To revive an old tradition and make a meaningful international appeal to peace, the Olympic Truce was first adopted in 1992 and officially reintroduced at the Olympic Games in Lillehammer in 1994. Its revival did not appear unexpectedly. Wars and armed conflicts accompanied the modern Olympic Games for quite a period. They provoked debates within the International Olympic Committee and triggered a need for a general overarching undertaking for peace. Discussions span, among others, whether an act of aggression constituted a potential breach of Host City Contracts or the Olympic Charter, as well as various political and diplomatic initiatives for peace. In recognising possible criticism that the Olympic Truce might meet mainly because of its idealistic nature, the Executive Board of the International Olympic Committee stood on the position that 'in the search for peace nothing should be overlooked'. Many countries and organisations supported the initiative practically immediately after the call from the International Olympic Committee. Already in September 1993, Judge Mbaye, Vice president of the International Olympic Committee, reported on 107 positive replies. The same year, the Olympic Truce received its first support from the United Nations in the form of the resolution of the General Assembly. After that, it was continuously supported in the same form and gained unprecedented voting support among states. Drawing on the information obtained in the archives of the International Olympic Committee in Lausanne, the article addresses the historical context for the emergence of the Olympic Truce and problematizes the choice of its legal form and effect as part of customary international law.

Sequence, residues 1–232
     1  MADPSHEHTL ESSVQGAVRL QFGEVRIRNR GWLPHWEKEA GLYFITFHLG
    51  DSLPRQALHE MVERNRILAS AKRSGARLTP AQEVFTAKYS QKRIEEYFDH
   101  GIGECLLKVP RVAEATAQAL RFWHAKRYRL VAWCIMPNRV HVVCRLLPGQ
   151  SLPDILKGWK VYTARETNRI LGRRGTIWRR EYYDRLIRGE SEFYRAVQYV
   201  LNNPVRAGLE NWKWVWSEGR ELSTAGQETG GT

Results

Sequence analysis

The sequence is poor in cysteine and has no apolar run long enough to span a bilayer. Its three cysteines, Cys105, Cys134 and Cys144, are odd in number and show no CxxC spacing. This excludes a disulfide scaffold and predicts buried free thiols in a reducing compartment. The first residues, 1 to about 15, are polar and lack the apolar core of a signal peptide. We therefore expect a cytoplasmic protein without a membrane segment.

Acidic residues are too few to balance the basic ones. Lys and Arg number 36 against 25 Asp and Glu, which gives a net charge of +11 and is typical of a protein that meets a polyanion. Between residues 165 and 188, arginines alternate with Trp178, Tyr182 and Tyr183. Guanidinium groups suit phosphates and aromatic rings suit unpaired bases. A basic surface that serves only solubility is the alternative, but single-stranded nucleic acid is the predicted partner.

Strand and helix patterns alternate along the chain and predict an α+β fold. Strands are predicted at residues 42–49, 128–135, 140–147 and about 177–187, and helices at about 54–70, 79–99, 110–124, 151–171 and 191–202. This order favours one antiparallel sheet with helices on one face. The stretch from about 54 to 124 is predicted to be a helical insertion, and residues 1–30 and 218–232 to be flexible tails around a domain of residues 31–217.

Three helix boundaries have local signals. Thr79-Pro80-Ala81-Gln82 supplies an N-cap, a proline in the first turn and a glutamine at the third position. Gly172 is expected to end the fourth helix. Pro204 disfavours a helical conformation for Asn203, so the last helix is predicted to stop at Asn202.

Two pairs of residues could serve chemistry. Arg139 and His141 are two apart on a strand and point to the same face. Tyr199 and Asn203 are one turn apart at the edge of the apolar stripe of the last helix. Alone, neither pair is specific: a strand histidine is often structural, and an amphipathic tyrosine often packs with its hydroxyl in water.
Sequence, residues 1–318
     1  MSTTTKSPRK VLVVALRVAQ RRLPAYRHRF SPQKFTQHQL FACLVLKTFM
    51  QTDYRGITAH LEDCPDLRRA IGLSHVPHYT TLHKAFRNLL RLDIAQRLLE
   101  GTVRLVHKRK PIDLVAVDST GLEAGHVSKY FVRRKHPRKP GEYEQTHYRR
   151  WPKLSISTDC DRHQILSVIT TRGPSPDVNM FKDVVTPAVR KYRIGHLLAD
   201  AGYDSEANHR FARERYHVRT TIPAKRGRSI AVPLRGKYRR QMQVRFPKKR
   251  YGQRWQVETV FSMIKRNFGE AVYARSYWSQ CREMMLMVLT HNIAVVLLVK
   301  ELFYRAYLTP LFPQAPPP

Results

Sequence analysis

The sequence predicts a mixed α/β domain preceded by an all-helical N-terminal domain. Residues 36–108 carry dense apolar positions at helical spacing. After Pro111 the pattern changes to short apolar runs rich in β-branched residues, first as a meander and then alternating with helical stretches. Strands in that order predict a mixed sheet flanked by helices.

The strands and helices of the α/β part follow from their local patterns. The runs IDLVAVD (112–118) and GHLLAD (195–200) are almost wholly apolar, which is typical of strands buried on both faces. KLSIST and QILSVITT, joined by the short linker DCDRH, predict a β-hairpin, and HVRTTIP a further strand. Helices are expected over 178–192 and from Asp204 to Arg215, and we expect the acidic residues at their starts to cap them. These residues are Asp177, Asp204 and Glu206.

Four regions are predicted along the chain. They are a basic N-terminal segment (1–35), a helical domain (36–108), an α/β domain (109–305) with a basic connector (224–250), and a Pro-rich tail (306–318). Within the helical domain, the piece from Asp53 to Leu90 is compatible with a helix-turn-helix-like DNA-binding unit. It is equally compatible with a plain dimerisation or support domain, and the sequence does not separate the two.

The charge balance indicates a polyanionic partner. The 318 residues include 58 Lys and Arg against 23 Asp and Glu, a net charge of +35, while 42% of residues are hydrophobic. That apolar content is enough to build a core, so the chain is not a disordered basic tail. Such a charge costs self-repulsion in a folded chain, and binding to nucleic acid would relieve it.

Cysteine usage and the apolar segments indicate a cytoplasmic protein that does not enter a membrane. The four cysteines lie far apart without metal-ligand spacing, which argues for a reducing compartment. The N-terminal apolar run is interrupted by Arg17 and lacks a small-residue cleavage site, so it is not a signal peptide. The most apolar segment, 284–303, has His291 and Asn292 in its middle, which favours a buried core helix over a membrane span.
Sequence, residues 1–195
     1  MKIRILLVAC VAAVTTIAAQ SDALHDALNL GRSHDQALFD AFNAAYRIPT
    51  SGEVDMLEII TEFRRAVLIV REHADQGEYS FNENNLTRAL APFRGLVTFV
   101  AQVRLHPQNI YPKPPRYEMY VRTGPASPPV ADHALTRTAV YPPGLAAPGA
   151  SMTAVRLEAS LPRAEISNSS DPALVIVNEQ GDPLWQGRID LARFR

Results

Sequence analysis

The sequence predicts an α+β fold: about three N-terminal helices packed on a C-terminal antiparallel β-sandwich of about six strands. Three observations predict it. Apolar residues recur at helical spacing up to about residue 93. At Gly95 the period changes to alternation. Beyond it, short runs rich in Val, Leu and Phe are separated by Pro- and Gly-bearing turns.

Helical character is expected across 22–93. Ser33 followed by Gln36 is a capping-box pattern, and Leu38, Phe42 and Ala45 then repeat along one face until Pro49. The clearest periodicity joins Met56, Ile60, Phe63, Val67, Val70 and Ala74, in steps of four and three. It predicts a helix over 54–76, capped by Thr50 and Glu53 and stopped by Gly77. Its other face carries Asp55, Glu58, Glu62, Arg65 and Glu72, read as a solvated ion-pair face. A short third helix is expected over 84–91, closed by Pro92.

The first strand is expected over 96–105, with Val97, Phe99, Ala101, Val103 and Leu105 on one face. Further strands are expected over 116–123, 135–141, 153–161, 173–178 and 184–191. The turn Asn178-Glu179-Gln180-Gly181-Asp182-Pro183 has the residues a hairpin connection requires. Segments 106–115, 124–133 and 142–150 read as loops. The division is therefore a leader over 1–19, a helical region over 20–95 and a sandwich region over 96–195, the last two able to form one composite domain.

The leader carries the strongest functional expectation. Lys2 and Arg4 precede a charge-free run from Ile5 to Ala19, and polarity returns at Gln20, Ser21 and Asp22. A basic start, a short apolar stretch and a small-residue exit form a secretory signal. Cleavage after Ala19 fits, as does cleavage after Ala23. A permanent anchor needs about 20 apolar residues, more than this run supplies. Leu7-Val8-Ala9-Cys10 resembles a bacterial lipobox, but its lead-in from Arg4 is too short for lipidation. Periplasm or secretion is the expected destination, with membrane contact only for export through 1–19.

Yuliya Chernykh is associate professor at Inland Norway University of Applied Sciences and adjunct associate professor at University of Oslo.
She researches questions related to the interpretation of legal texts and the intersections between national law and international law in international adjudication. Her monograph dealing with the practice and theory of contract interpretation in investment treaty arbitration Contract Interpretation in Investment Treaty Arbitration: A Theory of the Incidental Issue <https://brill.com/view/title/56164?language=en> (Brill 2022) is available as an Open Access book. Yuliya leads the Working Group III 'Compliance with ISDS Awards: Empirical Perspectives and Reform Implications' of the Academic Forum on Investor-State Dispute Settlement (ISDS) and co-leads the Working Group I of the UiO research project 'Compliance Politics and International Investment Disputes’ (COPIID) financed by the Research Council of Norway. Her recent research projects are based on archival studies on Olympic Truce and host city contracts for conducting Olympic Games in the International Olympic Studies Centre (Lausanne).
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